"Emmett," he answers gruffly. Sounds like he may have been asleep.

"This is Alice. Carlisle called yo—"

"Yeah. Right. Thought we were doing this at nine?"

"I—well, yeah, but I overslept," I answer, embarrassed but also somewhat distracted. I dreamed vividly last night, and all of the details suddenly inundate me, eclipsing the sound of Emmett's voice.

I see his face, his crimson irises potent with resolve, sorrow. His hands. He's writing a letter. "By the time you read this …"

"YO! Charlie's Angel!" The voice on the other end of the line shouts.

I wince, my ear throbbing. "Sorry, yeah, listen, can you still get me to—"

"Well, like I was saying, I told Carlisle nine tonight. It'd be better if it were dark," he explains, the bottom dropping out of my plan. My stomach flips.

"But … I can't wait that long!" I tell him, freaking out, and I'm sure that's coming across loud and clear. As I rattle out in a frenzy, I see him from behind a wall of flames. My next words shift from frenzy to a wail. "It'll be too late! You have to. I'm ready now. Can you please? I'll pay you double what … whatever I was supposed to pay you."

I realize I don't know how much this'll cost, but I'll give him all the cash I have. Hell, I'll knock over an ATM if I need to.

"Whoa, whoa, whoa, Nancy Drew," Emmett bellows, trying to slow me down. "I just said it was better. Relax! I'll take you now, I just gotta grab a coffee, and I'll pick you up out front, okay? Black off-road Jeep. Ten minutes."

Dropping the phone into my tote bag, I fall back to sitting on the mattress and slip back into the dream. I see the entire letter, a guilty confession and goodbye signed "JLW."

This is wrong. It can't happen. Oh, please, let me make it in time!

I rush to the sink to brush my teeth, waving an apathetic hand at the mirror after taking in the view of my hair, randomly spiky, damp, and sleep-tousled. Wiping my face with the last clean towel, I drop it before snatching my bag off the bed and hurrying out the door.

The elevator takes too long to arrive, so I speed down the nine flights of stairs, just so I can keep moving.

A hulking black Jeep sits in front of the door, a bear of a man sitting in the driver's seat picking at his nails with an old switchblade that looks just like one my grandpa used to have.

Not waiting for the invitation, I hop in the passenger seat. "Emmett? I'm Alice. Let's haul ass."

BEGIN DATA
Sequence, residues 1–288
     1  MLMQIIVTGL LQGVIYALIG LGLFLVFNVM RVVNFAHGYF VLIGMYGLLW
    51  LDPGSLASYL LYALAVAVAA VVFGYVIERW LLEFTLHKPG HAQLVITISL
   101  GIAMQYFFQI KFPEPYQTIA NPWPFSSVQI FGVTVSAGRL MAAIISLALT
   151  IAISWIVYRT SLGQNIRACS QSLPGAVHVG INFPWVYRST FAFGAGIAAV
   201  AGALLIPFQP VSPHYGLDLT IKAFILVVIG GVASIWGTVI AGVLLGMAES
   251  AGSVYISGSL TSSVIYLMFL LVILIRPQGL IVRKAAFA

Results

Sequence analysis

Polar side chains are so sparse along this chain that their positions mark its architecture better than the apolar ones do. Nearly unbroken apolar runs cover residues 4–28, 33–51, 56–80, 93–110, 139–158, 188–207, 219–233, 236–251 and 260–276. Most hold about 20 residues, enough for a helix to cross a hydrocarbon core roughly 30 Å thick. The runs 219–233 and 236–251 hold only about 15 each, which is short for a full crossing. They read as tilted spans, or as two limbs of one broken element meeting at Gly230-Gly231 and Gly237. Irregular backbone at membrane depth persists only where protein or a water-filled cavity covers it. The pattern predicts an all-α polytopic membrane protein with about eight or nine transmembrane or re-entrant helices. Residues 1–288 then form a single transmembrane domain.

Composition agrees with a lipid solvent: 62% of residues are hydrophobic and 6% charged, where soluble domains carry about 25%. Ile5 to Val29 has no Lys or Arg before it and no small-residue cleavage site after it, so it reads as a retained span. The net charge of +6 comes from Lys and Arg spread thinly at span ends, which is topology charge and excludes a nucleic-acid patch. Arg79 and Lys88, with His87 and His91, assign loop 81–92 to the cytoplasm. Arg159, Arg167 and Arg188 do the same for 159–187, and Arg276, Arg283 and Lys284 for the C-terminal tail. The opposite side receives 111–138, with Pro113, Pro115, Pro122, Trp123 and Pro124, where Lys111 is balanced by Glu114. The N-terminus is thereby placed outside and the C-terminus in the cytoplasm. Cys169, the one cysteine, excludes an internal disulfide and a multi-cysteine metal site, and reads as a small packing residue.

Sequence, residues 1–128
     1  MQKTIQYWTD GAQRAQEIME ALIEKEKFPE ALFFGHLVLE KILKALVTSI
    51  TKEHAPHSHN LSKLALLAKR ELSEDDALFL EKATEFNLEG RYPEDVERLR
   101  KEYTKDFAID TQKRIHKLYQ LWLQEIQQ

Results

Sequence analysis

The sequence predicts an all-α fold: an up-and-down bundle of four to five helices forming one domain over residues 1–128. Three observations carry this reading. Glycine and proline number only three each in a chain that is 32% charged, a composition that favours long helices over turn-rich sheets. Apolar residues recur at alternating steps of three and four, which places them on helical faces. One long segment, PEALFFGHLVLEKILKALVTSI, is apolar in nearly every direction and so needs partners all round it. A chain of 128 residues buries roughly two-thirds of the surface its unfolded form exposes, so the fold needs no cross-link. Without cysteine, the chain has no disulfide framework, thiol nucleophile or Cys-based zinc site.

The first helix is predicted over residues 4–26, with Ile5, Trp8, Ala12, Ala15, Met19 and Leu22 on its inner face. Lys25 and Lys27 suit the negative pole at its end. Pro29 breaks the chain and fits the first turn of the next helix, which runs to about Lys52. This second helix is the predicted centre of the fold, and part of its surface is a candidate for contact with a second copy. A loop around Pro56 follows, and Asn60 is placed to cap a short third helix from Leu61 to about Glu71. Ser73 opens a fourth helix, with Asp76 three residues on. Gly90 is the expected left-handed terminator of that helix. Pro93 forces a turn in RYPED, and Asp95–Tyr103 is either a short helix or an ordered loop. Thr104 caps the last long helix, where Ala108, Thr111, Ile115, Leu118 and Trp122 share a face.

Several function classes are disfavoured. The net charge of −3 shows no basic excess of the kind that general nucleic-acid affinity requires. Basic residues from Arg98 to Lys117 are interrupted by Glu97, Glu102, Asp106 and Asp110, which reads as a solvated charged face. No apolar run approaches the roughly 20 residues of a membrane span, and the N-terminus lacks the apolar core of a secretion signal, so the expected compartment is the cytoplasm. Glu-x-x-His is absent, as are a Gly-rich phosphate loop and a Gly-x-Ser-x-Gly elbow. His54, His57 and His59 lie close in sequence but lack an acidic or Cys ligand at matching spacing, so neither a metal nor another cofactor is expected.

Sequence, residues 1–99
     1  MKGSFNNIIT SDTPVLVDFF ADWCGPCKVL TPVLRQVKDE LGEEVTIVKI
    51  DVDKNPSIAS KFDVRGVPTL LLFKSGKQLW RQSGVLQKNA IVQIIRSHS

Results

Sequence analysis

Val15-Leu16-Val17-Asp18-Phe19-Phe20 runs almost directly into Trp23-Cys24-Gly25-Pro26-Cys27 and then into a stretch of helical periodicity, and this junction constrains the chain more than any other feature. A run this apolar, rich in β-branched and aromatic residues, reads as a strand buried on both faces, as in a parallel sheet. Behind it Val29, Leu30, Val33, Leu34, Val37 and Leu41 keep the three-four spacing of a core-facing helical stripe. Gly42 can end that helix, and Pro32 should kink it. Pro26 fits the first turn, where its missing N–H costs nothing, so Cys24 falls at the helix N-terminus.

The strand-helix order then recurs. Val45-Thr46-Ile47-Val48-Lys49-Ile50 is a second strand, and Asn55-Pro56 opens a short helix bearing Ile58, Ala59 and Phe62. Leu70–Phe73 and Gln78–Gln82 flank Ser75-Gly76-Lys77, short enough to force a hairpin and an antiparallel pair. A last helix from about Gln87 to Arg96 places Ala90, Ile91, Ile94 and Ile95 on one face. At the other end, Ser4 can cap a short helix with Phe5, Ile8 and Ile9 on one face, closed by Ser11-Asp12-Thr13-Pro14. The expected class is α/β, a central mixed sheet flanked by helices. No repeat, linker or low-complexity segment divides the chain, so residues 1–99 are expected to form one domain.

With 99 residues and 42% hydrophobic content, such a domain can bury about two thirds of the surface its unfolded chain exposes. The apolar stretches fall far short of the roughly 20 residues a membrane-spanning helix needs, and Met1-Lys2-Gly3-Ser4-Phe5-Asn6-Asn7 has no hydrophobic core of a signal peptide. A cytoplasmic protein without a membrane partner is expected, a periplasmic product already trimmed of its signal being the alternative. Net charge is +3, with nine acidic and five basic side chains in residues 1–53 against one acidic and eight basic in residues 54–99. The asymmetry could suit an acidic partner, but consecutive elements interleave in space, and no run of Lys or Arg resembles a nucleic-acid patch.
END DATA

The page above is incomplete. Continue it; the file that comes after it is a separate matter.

He turns slowly, a smile deepening the dimples in his cheeks as he winks from behind his sunglasses. "You got it, Babydoll." His voice is strangely mischievous, but not intimidating, despite his size.

The ride is fast, a little rough, but wordless. Thirty-five minutes later, we're in a small sideboard boat taking the long way around Kahoolawe, fighting a choppy sea. I restlessly point this out to him several times. He ignores me all but the last when he replies lowly, his sweatshirt's hood hiding his face as he talks out to the water.

"Easier to avoid the attention of the Coast Guard and any of that kind of hullabaloo," he barks in what I think might be his version of an "inside voice."

"Hullabaloo?" I repeat with a giggle. For the first time in days, I'm thrilled to be able to genuinely lighten up for a moment. "What are you, ninety?"

"Shut up," he mutters self-consciously.

That's the extent of conversation until we pull the tiny boat ashore. I drop my flip-flops in the boat, leaving my bag next to them.

Emmett easily agrees to waiting there while I "do whatever you gotta do, Tiny."

I shelf the surprise and chalk it up to a tiny bit of luck as I take off running. I weave through trees, jump rocks, occasionally tripping over seaweed and such debris washed up by the tide. I realize quickly I've overestimated my fitness level, as I quickly become winded, stopping once to catch my breath. I had also discounted the distance between beaches on the island, beginning to fear I'd never make it.

Then, my nose twitches, itching with the hint of an acrid scent. I freeze, stock still as I inhale sharply, intent on confirming the discovery.


I can smell it clearly and panic, scrambling across the black grit beneath my feet, hurtling my body forward with no grace or form. Time slows, my sight blurring as I push myself, hoping blindly I'm not too late. I round a patch of trees, the smoke becomes visible, rising profusely from the massive pyre. No person is anywhere near, from what I can see.

Acutely sifting visually through the flames and mounds of kindling and wood, I zero in on shapes. Fingers, toes, limbs … No.

My body collapses ten yards from the smoldering cinder and ash. Whether it was my choice, my loss of will, or my body giving up, I do not know. The heat blasts at my face, and I close my eyes, gasping and coughing from stolen oxygen. Tears breach my lashes, spilling over my cheeks. I don't bother to wipe them, as I know they will just keep coming.